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Article of Interest - Homework

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Bridges4Kids LogoHomework Fails to Make the Grade
by Mark Townsend, The Observer, February 8, 2004
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Children have long suspected it, and now research confirms it: homework is a waste of time. Anxiety, boredom, fatigue and emotional exhaustion are all side-effects of bringing schoolwork home, according to a review of 75 years of study into the issue.

Even those who believe homework improves their performance in the classroom resent the encroachment on their spare time.

And the best place for extra study may not, in fact, be at home. The report by the Institute of Education makes a case for out-of-hours study to be done in after-school learning clubs, away from the potentially disruptive influence of parents.

Tensions are the most pronounced in middle-class families where the pressure to succeed can create a volatile atmosphere. Parents who are overbearing can undermine any pleasure children derive from study.

The report's author, Dr Susan Hallam, said: 'Parents have the most positive influence when they offer moral support, make appropriate resources available and discuss general issues. They should only actually help with homework when their children specifically ask them to.'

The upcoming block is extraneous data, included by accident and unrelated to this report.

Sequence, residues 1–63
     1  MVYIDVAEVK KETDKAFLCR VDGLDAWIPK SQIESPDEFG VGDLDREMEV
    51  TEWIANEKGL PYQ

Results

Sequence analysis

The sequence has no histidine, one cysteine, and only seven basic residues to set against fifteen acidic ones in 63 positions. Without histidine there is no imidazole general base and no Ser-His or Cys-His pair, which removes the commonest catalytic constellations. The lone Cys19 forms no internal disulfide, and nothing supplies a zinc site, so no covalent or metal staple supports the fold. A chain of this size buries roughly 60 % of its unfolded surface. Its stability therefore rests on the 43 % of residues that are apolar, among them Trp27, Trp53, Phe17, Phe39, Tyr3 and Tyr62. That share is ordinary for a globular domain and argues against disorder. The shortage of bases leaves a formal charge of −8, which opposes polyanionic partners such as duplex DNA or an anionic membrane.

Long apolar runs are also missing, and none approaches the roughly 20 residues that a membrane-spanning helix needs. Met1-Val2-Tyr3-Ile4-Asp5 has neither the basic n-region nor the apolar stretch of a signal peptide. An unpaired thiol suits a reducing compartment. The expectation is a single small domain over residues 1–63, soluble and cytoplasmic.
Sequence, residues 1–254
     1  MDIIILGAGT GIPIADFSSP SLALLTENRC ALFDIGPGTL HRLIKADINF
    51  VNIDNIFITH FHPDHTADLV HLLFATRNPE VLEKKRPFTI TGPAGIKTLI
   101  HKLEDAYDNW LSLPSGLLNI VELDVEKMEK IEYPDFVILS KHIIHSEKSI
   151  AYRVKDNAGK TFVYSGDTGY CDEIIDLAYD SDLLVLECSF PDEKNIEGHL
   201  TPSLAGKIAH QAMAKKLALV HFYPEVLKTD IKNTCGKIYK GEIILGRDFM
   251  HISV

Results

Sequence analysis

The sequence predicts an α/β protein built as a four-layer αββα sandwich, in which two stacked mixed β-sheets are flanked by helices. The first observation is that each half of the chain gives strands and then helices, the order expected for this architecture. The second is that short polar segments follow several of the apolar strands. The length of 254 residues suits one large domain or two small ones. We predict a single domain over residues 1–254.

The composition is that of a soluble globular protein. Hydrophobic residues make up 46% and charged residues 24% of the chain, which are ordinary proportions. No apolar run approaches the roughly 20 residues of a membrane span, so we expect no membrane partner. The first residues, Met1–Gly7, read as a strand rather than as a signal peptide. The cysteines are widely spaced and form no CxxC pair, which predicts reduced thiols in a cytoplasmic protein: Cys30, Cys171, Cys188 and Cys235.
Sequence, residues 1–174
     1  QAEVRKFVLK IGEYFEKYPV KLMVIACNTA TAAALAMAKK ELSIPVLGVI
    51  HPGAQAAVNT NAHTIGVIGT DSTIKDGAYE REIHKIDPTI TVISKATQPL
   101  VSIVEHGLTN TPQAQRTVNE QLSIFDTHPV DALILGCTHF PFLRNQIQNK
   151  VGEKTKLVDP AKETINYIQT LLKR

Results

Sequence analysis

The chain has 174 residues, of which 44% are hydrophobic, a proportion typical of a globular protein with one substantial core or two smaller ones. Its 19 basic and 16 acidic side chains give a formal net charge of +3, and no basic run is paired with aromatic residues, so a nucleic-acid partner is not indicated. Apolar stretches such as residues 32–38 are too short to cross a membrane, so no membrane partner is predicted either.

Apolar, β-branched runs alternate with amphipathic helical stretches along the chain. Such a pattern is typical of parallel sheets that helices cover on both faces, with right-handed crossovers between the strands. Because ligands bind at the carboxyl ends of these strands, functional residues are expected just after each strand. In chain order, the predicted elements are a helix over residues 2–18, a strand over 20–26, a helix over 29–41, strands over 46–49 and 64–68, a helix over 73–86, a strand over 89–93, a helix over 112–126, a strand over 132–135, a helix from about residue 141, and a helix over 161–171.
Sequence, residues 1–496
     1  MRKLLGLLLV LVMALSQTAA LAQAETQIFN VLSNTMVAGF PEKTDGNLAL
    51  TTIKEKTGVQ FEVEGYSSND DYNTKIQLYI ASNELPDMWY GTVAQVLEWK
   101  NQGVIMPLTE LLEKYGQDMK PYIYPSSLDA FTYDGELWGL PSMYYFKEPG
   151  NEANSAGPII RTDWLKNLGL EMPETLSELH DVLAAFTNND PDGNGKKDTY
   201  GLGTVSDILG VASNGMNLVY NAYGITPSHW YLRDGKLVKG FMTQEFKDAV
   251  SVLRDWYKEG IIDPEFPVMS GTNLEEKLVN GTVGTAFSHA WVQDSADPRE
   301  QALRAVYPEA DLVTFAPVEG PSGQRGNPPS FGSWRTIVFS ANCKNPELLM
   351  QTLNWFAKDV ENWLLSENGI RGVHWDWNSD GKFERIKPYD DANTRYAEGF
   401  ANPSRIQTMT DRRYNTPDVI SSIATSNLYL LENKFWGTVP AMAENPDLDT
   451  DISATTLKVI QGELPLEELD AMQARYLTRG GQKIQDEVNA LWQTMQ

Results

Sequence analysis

Current government guidance ranges from at least one hour a week of homework for five-to seven-year-olds to two-and-a-half hours a day for students aged 14 to 16. Yet Hallam found that homework tended to boost achievement only when done in moderate amounts.

Her findings follow comments from David Bell, chief inspector of schools, who said that parents have a key role to play in tackling an endemic anti-learning culture in society.

'Early support from parents is crucial. A very significant investment in the early years has got to be right, even though we are still not 100 per cent sure what the biggest single influence is in these years,' he said.


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